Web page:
How LED lights work

Light Emitting Diodes (LEDs) have been around for 50 years and you will be familiar with them as power indicator lights or transmitting information in a remote control, but recent developments in the technology now also make them a viable option for domestic and commercial lighting.

Individual LED bulbs are much smaller than traditional bulbs but, when arranged in an array, several LEDS can produce the same amount of light as an incandescent bulb, whilst using a fraction of the electrical power; Thereby offering significant energy costs savings.

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An old incandescent bulb uses a filament which is heated to produce light. This heat is a by-product and is largely wasted. With incandescent bulbs, a huge portion of the electricity being consumer isn’t going toward producing visible light, which is highly inefficient. Another issue with incandescent bulbs is that the filament burns out, leading to a short lifespan.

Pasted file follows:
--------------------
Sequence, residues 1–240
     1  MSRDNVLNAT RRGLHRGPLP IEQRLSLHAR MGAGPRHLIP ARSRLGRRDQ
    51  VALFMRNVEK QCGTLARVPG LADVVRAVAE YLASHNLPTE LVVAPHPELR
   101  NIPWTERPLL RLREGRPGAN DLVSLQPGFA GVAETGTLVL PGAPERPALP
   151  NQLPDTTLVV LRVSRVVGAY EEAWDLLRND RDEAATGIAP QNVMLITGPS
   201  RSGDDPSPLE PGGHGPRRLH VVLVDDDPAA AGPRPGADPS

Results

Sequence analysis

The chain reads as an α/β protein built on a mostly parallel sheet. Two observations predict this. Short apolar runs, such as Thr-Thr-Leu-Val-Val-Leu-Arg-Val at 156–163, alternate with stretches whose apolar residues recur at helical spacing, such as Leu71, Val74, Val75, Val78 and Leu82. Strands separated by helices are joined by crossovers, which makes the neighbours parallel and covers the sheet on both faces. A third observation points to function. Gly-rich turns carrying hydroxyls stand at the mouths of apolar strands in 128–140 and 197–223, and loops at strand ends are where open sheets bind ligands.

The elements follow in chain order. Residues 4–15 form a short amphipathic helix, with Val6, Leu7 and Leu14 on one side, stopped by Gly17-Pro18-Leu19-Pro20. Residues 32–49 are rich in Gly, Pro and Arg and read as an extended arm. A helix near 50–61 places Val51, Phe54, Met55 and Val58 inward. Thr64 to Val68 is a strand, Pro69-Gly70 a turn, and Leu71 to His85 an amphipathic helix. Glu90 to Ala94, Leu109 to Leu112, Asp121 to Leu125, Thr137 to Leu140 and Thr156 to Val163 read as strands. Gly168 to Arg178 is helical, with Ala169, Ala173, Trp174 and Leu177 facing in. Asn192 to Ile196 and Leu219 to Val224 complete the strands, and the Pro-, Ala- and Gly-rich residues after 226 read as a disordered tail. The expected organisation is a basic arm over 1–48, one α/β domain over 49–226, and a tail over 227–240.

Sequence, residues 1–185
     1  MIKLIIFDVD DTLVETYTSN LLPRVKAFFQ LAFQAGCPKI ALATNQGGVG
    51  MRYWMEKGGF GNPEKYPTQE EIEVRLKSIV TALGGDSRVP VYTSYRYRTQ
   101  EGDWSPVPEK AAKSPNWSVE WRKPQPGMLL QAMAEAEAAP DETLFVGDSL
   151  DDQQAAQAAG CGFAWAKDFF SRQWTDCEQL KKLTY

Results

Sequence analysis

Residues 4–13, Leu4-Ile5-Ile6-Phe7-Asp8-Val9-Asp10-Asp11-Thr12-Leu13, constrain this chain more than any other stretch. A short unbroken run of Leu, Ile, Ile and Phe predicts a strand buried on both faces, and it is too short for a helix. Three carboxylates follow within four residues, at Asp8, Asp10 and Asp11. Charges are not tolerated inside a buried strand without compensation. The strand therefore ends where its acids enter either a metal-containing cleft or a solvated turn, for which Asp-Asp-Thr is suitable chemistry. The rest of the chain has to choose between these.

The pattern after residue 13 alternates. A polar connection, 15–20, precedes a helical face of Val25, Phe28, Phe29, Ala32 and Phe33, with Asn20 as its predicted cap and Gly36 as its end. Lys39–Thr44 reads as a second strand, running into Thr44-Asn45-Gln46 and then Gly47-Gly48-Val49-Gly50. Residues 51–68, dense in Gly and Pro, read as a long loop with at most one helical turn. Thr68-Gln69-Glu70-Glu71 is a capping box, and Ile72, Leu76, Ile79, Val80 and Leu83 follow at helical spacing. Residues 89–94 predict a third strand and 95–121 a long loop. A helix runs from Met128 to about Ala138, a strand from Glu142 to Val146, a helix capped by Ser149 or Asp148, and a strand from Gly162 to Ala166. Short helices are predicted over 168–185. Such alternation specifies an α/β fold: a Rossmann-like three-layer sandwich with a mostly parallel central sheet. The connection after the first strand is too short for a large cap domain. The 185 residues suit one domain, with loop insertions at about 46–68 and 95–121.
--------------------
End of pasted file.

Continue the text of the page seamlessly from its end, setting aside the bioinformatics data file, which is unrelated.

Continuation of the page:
LED bulbs do not use a filament, but rather generate light directly through the movement of electrons in a semi-conductor material. This process produces significantly less heat, with a much higher percentage of the electrical power being used to generate light. This process can produce the same level of light output, with significantly less electrical power, as well as offering a drastically longer lifespan.


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